Photo: Solar powerered irrigation equipment used by Bangladesh’s agriculture work force, which represents 45% of the country’s economy.
By Klaus Prochaska, Inclusive Green Finance, AFI

How financial sector strategies are addressing inclusive green finance

Many central bank members of the Alliance Financial Inclusion (AFI) are increasingly considering inclusive green finance at the national strategic level, reflecting a recognition that addressing climate change falls within their mandates to ensure financial sector stability and promote economic development.

In AFI’s latest report, “Inclusive Green Finance: A Survey of the Policy Landscape”, more than 90 percent of respondents[1] said that they were either taking or planning to take steps to address climate change. In extreme cases, some said that it could undermine financial sector stability and regulators would need to step in where disruptions could spread.

Climate change deepens poverty that threatens development and imposes high costs on low-income and vulnerable populations in developing and emerging economies. The report examines why financial regulators are working on climate change and how they have been integrating climate change concerns in their national financial inclusion policies and other financial sector strategies.

While inclusive green finance is a new and evolving policy area, financial regulators in the AFI network have begun responding - often with urgency – by developing financial inclusion strategies, policies and regulations that help mitigate and build resilience to the impacts of climate change in their respective countries.

Savings, credit, insurance, money transfers and new digital delivery channels can provide buffers against climate-driven events. Moreover, supportive financing for green technologies, like solar-powered utilities, can help mitigate the effects of climate change – including for those at the bottom of the economic pyramid – in the transition to low-carbon economies.

More than 75 percent of those surveyed make a connection – either directly or indirectly – between financial inclusion and climate change in national financial sector strategies. Of this total, the central banks of Fiji, Rwanda and Jordan explicitly outline this relationship in their National Financial Inclusion Strategies (NFIS). Following suit, the Central Bank of Egypt is preparing an NFIS and considering making climate change a pillar of its framework.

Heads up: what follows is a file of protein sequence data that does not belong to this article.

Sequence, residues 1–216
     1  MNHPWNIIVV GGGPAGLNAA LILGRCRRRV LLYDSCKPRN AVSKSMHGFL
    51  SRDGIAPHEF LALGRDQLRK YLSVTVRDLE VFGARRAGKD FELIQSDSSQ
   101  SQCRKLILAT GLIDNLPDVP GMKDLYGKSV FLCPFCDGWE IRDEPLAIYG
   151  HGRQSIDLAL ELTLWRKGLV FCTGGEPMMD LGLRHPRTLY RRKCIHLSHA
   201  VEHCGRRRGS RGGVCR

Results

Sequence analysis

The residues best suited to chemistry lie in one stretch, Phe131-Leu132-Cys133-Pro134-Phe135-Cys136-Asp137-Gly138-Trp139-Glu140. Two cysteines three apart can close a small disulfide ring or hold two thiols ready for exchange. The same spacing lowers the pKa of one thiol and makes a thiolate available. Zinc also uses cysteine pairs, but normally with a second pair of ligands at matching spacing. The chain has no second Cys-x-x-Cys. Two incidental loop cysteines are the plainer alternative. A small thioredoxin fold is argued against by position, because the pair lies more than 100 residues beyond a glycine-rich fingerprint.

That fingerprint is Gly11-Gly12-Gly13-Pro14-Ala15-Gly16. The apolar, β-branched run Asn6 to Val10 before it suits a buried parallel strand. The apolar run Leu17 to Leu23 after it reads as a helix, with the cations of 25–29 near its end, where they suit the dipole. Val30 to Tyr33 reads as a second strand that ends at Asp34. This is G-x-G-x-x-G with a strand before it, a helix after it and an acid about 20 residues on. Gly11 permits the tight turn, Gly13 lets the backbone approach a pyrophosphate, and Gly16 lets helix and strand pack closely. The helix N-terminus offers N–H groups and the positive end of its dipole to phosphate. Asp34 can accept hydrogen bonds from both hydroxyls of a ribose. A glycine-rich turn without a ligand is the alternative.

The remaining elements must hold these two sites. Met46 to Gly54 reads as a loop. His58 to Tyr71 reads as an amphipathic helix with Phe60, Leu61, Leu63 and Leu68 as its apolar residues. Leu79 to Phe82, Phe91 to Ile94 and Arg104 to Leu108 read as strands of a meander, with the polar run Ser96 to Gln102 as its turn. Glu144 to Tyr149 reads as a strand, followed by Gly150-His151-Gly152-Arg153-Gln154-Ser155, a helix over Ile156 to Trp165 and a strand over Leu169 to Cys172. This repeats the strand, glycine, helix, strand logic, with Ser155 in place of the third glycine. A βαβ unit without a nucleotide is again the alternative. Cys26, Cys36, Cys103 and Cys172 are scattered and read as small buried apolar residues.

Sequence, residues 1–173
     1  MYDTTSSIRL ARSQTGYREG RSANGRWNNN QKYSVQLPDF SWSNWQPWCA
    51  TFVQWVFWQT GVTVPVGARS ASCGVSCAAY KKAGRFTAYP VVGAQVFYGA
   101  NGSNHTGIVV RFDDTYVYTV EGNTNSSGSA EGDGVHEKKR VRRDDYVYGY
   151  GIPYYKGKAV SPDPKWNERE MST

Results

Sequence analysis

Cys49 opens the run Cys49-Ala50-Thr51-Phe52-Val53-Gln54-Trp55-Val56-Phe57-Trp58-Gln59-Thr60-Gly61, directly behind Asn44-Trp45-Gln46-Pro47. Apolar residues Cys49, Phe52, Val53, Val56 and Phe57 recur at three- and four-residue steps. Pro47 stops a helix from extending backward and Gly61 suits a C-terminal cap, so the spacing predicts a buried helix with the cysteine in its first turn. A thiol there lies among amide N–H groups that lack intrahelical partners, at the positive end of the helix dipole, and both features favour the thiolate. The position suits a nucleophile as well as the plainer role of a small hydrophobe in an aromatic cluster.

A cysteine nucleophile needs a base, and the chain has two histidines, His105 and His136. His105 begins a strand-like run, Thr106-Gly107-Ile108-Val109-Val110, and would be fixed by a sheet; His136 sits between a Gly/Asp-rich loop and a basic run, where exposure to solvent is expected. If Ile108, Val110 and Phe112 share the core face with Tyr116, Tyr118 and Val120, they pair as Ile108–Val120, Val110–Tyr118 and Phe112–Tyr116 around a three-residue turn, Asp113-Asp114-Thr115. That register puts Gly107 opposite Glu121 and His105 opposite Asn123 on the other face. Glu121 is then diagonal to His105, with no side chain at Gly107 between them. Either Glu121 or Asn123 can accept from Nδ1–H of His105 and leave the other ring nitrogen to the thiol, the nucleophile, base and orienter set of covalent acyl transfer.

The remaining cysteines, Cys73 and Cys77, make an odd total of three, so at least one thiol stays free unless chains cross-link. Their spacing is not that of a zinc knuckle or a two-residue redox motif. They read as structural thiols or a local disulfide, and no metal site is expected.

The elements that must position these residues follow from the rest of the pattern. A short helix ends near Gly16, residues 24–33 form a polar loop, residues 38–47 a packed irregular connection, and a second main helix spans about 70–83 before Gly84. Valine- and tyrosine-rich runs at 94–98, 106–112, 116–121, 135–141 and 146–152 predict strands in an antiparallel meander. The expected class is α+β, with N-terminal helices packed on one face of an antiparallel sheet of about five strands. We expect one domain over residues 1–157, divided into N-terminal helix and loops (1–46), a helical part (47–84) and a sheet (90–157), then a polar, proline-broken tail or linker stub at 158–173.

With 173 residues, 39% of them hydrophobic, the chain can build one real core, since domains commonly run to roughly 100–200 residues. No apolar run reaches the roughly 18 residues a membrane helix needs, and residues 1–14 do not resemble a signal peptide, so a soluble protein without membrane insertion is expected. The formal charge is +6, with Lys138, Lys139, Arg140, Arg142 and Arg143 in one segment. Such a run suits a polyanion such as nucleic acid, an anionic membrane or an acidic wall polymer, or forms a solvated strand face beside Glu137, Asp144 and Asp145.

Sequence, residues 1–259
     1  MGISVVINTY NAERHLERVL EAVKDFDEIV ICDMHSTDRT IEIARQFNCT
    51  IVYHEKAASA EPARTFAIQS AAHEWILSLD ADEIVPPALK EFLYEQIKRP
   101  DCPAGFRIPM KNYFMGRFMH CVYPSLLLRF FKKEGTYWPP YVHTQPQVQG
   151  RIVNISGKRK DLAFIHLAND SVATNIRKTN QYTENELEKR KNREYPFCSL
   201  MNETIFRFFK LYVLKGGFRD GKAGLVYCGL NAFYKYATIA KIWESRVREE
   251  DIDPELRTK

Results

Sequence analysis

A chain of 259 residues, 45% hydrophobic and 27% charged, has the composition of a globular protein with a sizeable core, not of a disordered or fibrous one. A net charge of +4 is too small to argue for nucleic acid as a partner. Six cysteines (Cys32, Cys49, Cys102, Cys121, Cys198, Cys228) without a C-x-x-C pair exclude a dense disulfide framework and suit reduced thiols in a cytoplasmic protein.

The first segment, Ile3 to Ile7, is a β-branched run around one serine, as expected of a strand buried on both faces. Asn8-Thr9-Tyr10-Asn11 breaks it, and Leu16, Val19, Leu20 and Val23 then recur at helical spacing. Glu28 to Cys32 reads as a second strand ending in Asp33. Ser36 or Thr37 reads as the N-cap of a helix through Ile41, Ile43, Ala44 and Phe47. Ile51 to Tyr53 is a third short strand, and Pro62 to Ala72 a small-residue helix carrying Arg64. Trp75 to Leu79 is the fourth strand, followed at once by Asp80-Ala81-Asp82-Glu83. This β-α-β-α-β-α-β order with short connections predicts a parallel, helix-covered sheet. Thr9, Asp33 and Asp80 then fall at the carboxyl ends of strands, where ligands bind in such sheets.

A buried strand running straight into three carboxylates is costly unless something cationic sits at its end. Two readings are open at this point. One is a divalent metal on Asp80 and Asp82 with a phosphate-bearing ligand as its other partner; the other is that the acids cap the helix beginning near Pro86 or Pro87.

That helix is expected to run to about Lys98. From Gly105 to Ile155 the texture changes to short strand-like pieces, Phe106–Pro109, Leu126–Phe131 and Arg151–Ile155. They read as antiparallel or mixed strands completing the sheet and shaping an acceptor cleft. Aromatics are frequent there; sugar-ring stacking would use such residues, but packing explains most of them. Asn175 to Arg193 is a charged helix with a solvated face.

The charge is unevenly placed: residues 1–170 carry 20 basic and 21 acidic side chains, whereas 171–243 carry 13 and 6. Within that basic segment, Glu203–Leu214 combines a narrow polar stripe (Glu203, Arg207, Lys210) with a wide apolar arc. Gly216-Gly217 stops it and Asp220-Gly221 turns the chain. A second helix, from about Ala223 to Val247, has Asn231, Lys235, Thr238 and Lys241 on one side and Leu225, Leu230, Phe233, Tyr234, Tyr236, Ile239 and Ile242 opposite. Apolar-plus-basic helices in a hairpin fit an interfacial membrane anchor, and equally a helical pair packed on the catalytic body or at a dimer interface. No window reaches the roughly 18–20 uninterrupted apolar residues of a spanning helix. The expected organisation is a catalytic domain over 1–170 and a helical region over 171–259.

While some institutions are making direct links between climate change and financial inclusion in their national strategies, others do so indirectly or implicitly. For example, one goal of Vanuatu’s NFIS is to support micro, small and medium enterprises in building resilience to the impacts of climate change. In Morocco’s NFIS, state actors address climate change implicitly, primarily through inclusive insurance, such as microinsurance and agricultural insurance for vulnerable populations. Finally, Armenia included agricultural insurance in its draft NFIS in its address of losses from climate-induced weather events. Again, the link between financial inclusion and climate change is clear to stakeholders without being mentioned explicitly.

AFI members are also linking financial inclusion and climate change in other national financial sector strategies. Bangladesh Bank was the first financial sector regulator in the AFI network to make a direct connection between financial inclusion and climate change in its First Strategic Plan (2010–2014). This link has strengthened over time, as evidenced by its Second Strategic Plan (2015–2019). Meanwhile, the Reserve Bank of Fiji is currently drafting a Sustainable Finance Roadmap that will cover all players in the financial sector. A key objective of the roadmap will be to align Fiji’s national strategies for financial inclusion, climate change, environmental conservation, social inclusion and economic development.

Making the link between financial inclusion and climate change at the national strategic level is important but not the end of the story. Next week’s blog will dive into detail on the range of policies that AFI member institutions have enacted to translate these strategies into concrete action. Read the AFI Special Report on "Inclusive Green Finance: A Survey of the Policy Landscape".


The AFI Inclusive Green Finance (IGF) workstream is supported by the International Climate Initiative (IKI) & German Federal Ministry for the Environment, Nature Conservation, Building and Nuclear Safety (BMU)

[1] The sample comprised representatives from the Central Bank of Armenia, Bangladesh Bank, Insurance Development and Regulatory Authority of Bangladesh, Banco Central do Brasil, National Bank of Cambodia, Superintendencia General de Entidades Financieras de Costa Rica, Central Bank of Egypt, Reserve Bank of Fiji, Superintendencia de Bancos de Guatemala, Central Bank of Jordan, Bank Al-Maghrib, Nepal Rastra Bank, Central Bank of Nigeria, State Bank of Pakistan, Central Bank of Paraguay, Bangko Sentral ng Pilipinas, National Bank of Rwanda, Central Bank of Tanzania, and Reserve Bank of Vanuatu